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Hi i would like to know how i could copy the contents of a 2d Array pointer in C++ to another location and set another pointer to it so that when i make changes on the copied pointer nothing happens to the original data?

Basically its an array pointer to pieces on a chessboard. so it goes like Piece * oldpointer = board[8][8]. now i want to copy all the contents in this pointer including methods like getvalue(), getcolor() etc which are in the Pieces header file to another location and set a pointer to it so i can do operations there and test it without it having to affect this orginal data? I read somewhere i had to use allocate() but im not sure. please help

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A solution is discussed here, look under "Conversions" (about 3 pages down). –  FredOverflow May 11 '11 at 11:38

3 Answers 3

In C++ you could define 2D array type as follows (you need modern C++ compiler):

#include <array>
typedef std::array<std::array<Piece, 8>, 8> board_t;

If your compiler doesn't support std::array you can use boost::array instead:

#include <boost/array.hpp>
typedef boost::array<boost::array<Piece, 8>, 8> board_t;

Now you can use the type above. As I can see you need to copy the object to which the pointer points:

board_t* oldpointer = new board_t;

// do some with oldpointer

// now make a copy of the instance of the object oldpointer points to
// using copy-constructor
board_t* newpointer = new board_t( *oldpointer );
// now newpointer points to the newly created independent copy

// do more

// clean up
delete oldpointer;

// do more with newpointer

// clean up
delete newpointer;
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There's also std::vector, which is supported everywhere. –  StilesCrisis May 11 '11 at 5:23
    
std::vector allocates memory dynamically. In chess there's fixed size of the board as I know, so no need in std::vector. –  Kirill V. Lyadvinsky May 11 '11 at 7:22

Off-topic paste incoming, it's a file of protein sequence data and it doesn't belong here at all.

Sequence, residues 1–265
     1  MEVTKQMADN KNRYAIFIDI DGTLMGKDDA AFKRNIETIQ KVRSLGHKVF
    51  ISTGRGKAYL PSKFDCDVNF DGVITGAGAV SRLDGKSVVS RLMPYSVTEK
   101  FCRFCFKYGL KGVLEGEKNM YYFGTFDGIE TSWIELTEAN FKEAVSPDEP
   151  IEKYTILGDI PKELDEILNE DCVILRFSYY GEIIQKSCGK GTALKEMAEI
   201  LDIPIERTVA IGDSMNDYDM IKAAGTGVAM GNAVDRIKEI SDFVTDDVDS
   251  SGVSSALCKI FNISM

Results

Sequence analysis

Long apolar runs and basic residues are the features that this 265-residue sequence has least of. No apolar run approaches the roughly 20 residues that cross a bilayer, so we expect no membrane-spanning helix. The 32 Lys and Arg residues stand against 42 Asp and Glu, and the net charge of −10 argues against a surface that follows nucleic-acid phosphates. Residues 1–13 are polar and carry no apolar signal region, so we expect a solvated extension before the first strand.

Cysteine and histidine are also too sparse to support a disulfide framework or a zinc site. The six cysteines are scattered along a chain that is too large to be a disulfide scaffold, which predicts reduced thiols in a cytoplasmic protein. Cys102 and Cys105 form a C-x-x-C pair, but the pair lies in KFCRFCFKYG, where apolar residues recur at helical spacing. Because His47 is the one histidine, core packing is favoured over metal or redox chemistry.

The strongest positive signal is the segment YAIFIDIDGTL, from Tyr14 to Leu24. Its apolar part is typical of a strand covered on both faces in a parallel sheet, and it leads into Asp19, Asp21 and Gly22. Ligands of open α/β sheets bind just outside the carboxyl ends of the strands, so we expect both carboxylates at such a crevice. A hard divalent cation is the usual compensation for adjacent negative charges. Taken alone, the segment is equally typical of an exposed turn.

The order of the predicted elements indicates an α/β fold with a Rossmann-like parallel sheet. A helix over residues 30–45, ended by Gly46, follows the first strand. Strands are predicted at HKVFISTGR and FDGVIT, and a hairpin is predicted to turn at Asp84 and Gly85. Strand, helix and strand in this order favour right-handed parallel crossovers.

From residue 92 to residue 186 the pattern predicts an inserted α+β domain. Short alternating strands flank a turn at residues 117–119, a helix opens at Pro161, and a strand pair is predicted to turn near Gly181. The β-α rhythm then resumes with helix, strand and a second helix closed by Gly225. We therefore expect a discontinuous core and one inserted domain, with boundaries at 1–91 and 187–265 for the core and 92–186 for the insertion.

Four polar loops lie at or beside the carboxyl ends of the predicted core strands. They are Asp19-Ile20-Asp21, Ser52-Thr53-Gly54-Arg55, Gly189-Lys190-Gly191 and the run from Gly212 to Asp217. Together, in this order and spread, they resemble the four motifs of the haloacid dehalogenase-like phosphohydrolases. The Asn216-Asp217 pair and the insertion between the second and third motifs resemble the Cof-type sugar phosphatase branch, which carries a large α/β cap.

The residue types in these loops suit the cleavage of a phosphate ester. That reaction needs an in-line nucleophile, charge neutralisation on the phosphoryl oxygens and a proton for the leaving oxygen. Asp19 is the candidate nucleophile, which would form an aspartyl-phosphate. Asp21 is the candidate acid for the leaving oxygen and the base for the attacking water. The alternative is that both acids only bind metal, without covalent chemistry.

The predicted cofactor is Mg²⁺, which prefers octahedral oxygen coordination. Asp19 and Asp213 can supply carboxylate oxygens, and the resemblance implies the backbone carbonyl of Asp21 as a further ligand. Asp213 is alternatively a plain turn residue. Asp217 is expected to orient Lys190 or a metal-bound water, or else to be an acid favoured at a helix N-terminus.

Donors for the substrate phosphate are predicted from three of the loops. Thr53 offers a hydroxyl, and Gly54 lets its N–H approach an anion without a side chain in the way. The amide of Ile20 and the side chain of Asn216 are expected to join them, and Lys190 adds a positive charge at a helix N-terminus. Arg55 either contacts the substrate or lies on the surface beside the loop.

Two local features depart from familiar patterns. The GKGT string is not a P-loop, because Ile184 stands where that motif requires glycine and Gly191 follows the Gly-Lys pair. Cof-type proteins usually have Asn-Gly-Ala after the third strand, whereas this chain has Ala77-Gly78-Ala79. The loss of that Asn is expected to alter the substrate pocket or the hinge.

You're right, but given that the OP is clearly a novice, pointing him towards high-level or newly-introduced libraries like Boost or TR1 may not be the best way for him to learn. I suspect a vector would be more than sufficient for his purposes and it's documented well and available everywhere. –  StilesCrisis Jul 26 '11 at 0:11

Since you're using C++, why not define a copy constructor for your Piece class? Then just

Piece copied_piece(*board[8][8]);

If your class is POD, you should even be able to get by with the default copy constructor.

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Although the board is what he wants to copy... 8-) Assuming you have a board class that has the 8x8 pieces, then you can do something like this: Board a; ... Board b(a); The array should be hidden inside the board and all accesses done with a Piece get(int x, int y);. –  Alexis Wilke Jan 2 '12 at 5:56

You can copy by allocating memory at the destination and then memcopy

dest_pointer = (<<my type>>*) malloc(sizeof(<<my type>>);
memcpy(dest_pointer, src_pointer, sizeof(<<my type>>);

Btw, the methods are never copied. they don't belong to an object.

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Don't forget to include <cstdlib>. –  Lalaland May 11 '11 at 4:17
    
memcpy only works for PODs. –  FredOverflow May 11 '11 at 11:40

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